15 The above shared services complement the two other shared services - Audit and Finance & Accounting, which were introduced in FY 2010. To date, the Audit shared service has been used by 26 NSAs while Finance & Accounting has been used by eight NSAs.

More than $1.5 million
Badminton, Bowling, Football, Netball, Sailing, Shooting, Swimming, Table Tennis

$500,000 to $1.5 million
Athletics, Basketball, Cuesports, Fencing, Gymnastics, Hockey, Rugby, SDSC, Silat

$200,000 to $500,000
Canoe, Cricket, Cycling, Equestrian, Golf, Motorsports, Softball/Baseball, Taekwondo, Tennis, Triathlon, Volleyball, Wushu

$100,000 to $200,000
Archery, Bodybuilding, Dragonboat, Judo, Karate, Modern Pentathlon, Rowing, Squash, Wrestling

Less than $100,000
Boxing, Dancesports, Floorball, Handball, Ice Skating, Lawn Bowls, Mountaineering, Petanque, Rollersports, Sepak Takraw, Weightlifting

22 February 2011

AIS as an Olympic training centre

Australian Institute of Sport granted Olympic Training Centre Status@ASC

The Australian Institute of Sport’s status as an Olympic Training Centre was renewed today with the Australian Olympic Committee and the Australian Sports Commission signing an important agreement.

Minister for Sport Mark Arbib and Australian Olympic Committee (AOC) President John Coates today unveiled a new set of Olympic rings at the Australian Institute of Sport (AIS).

Senator Arbib said the agreement demonstrated that the Australian Sports Commission (ASC) and AOC shared a common goal in supporting Australia’s Olympic athletes.

“This agreement recognises the pivotal role the AIS plays, along with our state and territory institutes and academies, in providing our elite athletes with the best possible training and preparation for the Olympic stage,” Senator Arbib said.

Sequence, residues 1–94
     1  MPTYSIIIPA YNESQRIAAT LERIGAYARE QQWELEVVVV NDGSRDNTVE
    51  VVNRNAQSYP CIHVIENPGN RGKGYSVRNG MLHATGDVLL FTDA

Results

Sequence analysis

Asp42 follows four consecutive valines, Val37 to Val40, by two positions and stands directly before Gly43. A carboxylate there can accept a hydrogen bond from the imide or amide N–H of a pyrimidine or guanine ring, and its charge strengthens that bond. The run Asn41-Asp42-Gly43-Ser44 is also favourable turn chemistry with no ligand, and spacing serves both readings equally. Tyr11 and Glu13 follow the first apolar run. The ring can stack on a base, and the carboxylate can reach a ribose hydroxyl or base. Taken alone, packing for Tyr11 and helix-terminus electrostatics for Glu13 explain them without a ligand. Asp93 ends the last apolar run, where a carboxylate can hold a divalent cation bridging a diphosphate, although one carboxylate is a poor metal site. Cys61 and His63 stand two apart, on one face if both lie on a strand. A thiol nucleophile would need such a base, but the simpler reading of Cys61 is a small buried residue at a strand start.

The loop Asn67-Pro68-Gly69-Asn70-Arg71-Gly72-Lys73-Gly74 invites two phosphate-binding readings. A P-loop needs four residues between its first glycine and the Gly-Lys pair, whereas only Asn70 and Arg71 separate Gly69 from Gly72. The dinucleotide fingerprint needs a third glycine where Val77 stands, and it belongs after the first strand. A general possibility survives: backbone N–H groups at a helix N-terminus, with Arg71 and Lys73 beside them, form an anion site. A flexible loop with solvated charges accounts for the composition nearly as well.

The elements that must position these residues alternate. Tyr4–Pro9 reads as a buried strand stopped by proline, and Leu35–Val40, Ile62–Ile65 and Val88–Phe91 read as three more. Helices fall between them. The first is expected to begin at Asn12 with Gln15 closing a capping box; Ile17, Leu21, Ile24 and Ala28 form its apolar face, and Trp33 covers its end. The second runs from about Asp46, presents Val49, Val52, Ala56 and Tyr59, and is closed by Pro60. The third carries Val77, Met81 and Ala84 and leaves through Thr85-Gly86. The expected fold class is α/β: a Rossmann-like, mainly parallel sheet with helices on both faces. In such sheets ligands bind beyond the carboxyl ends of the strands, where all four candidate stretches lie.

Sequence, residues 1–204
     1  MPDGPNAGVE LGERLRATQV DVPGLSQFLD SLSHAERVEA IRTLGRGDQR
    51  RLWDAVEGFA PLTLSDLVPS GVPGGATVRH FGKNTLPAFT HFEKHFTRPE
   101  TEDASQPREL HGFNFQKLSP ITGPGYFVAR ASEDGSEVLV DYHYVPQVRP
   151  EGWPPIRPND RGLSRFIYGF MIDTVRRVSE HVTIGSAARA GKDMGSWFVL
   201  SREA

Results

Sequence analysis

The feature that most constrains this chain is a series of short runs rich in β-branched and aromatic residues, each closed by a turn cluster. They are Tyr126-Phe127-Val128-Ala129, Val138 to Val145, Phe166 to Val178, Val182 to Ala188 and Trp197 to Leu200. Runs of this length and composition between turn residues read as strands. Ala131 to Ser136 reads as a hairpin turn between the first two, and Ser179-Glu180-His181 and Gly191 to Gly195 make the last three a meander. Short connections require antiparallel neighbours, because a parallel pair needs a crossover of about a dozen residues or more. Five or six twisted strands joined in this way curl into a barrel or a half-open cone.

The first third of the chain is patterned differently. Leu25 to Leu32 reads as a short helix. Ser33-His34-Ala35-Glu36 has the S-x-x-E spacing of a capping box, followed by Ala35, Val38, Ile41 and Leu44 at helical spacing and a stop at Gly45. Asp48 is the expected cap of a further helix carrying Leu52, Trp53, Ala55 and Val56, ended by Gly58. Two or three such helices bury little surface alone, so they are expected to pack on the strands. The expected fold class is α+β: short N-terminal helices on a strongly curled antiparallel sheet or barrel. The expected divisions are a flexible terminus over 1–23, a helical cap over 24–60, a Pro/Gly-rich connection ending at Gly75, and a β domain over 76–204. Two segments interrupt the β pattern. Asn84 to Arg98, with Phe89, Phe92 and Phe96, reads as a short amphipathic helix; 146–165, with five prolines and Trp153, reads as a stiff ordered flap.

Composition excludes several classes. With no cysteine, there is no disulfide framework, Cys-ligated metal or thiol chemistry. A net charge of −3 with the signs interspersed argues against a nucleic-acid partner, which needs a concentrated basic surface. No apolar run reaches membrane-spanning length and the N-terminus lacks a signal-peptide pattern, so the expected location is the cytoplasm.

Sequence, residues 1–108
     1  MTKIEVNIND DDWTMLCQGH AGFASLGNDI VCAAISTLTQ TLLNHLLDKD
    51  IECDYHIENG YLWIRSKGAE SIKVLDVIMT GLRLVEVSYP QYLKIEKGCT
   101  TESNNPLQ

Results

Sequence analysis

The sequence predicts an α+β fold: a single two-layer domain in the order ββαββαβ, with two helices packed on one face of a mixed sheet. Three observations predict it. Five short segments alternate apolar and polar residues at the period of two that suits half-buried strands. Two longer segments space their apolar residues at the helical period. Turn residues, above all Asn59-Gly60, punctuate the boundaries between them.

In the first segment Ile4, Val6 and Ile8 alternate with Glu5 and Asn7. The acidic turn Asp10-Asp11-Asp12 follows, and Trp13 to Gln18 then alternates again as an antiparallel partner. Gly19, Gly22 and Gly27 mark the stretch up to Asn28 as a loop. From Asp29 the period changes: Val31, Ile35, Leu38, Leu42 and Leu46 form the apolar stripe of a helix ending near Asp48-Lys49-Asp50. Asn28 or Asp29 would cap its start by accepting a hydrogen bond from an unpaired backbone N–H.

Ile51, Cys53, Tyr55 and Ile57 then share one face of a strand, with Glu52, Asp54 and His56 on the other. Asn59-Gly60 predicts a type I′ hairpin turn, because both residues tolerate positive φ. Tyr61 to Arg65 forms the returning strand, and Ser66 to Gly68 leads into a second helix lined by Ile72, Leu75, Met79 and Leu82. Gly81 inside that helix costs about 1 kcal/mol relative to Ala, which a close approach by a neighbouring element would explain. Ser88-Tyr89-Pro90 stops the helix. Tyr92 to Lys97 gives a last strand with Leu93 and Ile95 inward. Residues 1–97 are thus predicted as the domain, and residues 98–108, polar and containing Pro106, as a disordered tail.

“By working together across elite sport we will increase our chances of success at the 2012 London Olympics.

“That’s why the Gillard Government recently announced that 10 Olympic sports would share in $2.5 million in targeted funding under the Green and Gold Project.

“The Green and Gold Project is designed to give our athletes the best possible training and preparation – the best coaching, sport science and resources and facilities.

“And by putting more of our athletes on the podium we will inspire young people to participate in sport, which will not only help us find our next Olympic champions but will also have great health benefits, getting the kids away from the TV and on to the sports field.”

Mr Coates praised the spirit of cooperation that underpins the new agreement.

“With a renewed focus on high performance sport and a renewed cooperation between the AIS, ASC and AOC, we can now concentrate on turning our national sporting partnership in to medals,” Mr Coates said.

“The Green and Gold project will provide Australian sport with a targeted and timely investment into the Olympic program – embracing the challenge of achieving a top five result in London.

“The AIS has a global reputation for producing elite athletes. Its track record over 30 years speaks for itself.

“Athletes such as kayakers Clint Robinson and Ken Wallace, archer Simon Fairweather, cyclists Ryan Bailey and Anna Meares, and swimmer Petria Thomas to name a few – all AIS athletes, all Olympic Gold medallists.

“By conferring Olympic Training Centre Status on the AIS, the AOC is acknowledging the critical role it plays in producing champions.”

Senator Arbib said the Olympic Training Centre Status was recognition of the AIS as one of the world’s leading sports training institutes.